Taking Advil Before Running

A woman is on a running trail.
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Advil, the trade name for the compound ibuprofen, is one of many popular over-the-counter medications in the class of non-steroidal anti-inflammatory drugs, or NSAIDs. Runners make ample use of NSAIDs because of the high incidence of injuries and pain of an inflammatory nature that they experience. While Advil is extremely effective for treating a range of running injuries, like all medications it carries the risk of serious side effects, and prophylactic supplementation appears to exaggerate these.



Advil, like other NSAIDs, exerts anti-inflammatory effects by reducing the production of pro-inflammatory substances called prostaglandins. It does this by inhibiting cyclooxygenase, a key enzyme in the prostaglandin synthetic pathway. In addition to reducing inflammation, ibuprofen reduces pain and fever. It is a mainstay in the treatment of rheumatoid arthritis. At typical doses, it is less toxic to the liver than other over-the-counter painkillers, such as Tylenol and aspirin. People who take Advil for chronic conditions often notice a decrease in effectiveness after six or more months of drug therapy.


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Common Sites of Inflammation

Inflammation in runners is usually localized to muscles, especially those in the calves, hamstrings, quadriceps, shins and hips. The severity of inflammation may be proportional to the distances run. Therefore, runners who participate in 26.2-mile marathon races and ultramarathons, such as the Western States 100-Miler in California, are notorious for pre-event Advil supplementation. The repetitive impact stress of running, especially over hilly terrain, is responsible for most muscle damage and subsequent inflammation. Over sufficiently long distances and on particularly grueling courses, tendons and ligaments may become inflamed as well.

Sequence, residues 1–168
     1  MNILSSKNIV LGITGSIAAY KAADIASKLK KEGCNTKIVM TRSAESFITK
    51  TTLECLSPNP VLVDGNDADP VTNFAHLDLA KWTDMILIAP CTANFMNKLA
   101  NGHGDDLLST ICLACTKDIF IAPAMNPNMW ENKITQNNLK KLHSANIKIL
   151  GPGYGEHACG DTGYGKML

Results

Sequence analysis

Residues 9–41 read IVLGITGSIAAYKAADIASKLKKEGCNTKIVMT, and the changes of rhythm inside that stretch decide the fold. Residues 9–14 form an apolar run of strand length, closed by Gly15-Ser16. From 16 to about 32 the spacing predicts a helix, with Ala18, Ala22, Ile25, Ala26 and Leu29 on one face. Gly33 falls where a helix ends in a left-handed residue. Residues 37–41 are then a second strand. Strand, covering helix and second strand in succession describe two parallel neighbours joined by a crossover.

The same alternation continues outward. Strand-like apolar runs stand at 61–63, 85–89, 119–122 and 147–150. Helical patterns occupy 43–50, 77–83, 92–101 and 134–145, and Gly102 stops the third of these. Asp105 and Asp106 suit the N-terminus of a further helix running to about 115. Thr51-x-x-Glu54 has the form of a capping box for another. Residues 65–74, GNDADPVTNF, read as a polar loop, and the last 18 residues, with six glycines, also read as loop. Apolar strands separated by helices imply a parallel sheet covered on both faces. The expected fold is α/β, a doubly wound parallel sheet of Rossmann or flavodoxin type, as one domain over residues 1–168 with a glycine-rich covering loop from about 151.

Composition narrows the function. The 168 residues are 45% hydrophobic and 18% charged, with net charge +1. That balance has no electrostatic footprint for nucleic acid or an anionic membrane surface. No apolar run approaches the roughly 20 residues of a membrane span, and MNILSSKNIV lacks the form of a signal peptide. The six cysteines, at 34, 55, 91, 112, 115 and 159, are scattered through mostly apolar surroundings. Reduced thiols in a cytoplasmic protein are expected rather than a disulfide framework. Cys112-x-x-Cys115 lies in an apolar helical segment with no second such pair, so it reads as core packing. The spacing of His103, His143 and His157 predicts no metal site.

Effects of Prophylactic Use

Despite the popularity of pre-race Advil use, evidence from various research studies suggests that there is little to no benefit to this practice. A study published in the November 2006 issue of "Brain, Behavior, and Immunity" examined participants in a 100-mile race, and the researchers found that there was no difference in the levels of soreness and inflammation between those who took Advil before the event and those who did not. In addition, there was no difference in the perceived levels of pain and exertion during the run between the two groups.



Research strongly points to the conclusion that pre-run Advil use is not only ineffective, but dangerous. Prostaglandins increase blood flow to the kidneys, so the inhibition of their production can predispose runners to renal failure, especially in longer events where dehydration is at issue. All NSAIDs can damage the stomach mucosa and result in ulceration and bleeding in the gastrointestinal tract. Advil use before running can also lead to endotoxemia, the leakage of bacteria from the colon into the bloodstream. On the whole, health professionals strongly discourage Advil use before running.




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